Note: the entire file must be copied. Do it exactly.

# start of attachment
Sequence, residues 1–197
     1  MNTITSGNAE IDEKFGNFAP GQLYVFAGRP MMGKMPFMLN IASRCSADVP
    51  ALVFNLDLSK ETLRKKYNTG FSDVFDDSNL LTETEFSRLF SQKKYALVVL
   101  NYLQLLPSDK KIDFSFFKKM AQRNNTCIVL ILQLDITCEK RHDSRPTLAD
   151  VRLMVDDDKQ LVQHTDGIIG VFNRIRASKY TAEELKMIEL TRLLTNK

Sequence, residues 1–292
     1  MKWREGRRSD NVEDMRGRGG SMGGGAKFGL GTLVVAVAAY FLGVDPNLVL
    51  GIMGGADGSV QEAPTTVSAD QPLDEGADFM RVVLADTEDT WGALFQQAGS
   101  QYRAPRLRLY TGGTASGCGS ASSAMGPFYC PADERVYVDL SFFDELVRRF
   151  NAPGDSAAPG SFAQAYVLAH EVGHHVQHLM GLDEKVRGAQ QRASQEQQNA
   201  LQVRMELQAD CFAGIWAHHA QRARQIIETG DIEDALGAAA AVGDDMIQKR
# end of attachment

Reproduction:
Sequence, residues 1–197
     1  MNTITSGNAE IDEKFGNFAP GQLYVFAGRP MMGKMPFMLN IASRCSADVP
    51  ALVFNLDLSK ETLRKKYNTG FSDVFDDSNL LTETEFSRLF SQKKYALVVL
   101  NYLQLLPSDK KIDFSFFKKM AQRNNTCIVL ILQLDITCEK RHDSRPTLAD
   151  VRLMVDDDKQ LVQHTDGIIG VFNRIRASKY TAEELKMIEL TRLLTNK

Sequence, residues 1–292
     1  MKWREGRRSD NVEDMRGRGG SMGGGAKFGL GTLVVAVAAY FLGVDPNLVL
    51  GIMGGADGSV QEAPTTVSAD QPLDEGADFM RVVLADTEDT WGALFQQAGS
   101  QYRAPRLRLY TGGTASGCGS ASSAMGPFYC PADERVYVDL SFFDELVRRF
   151  NAPGDSAAPG SFAQAYVLAH EVGHHVQHLM GLDEKVRGAQ QRASQEQQNA
   201  LQVRMELQAD CFAGIWAHHA QRARQIIETG DIEDALGAAA AVGDDMIQKR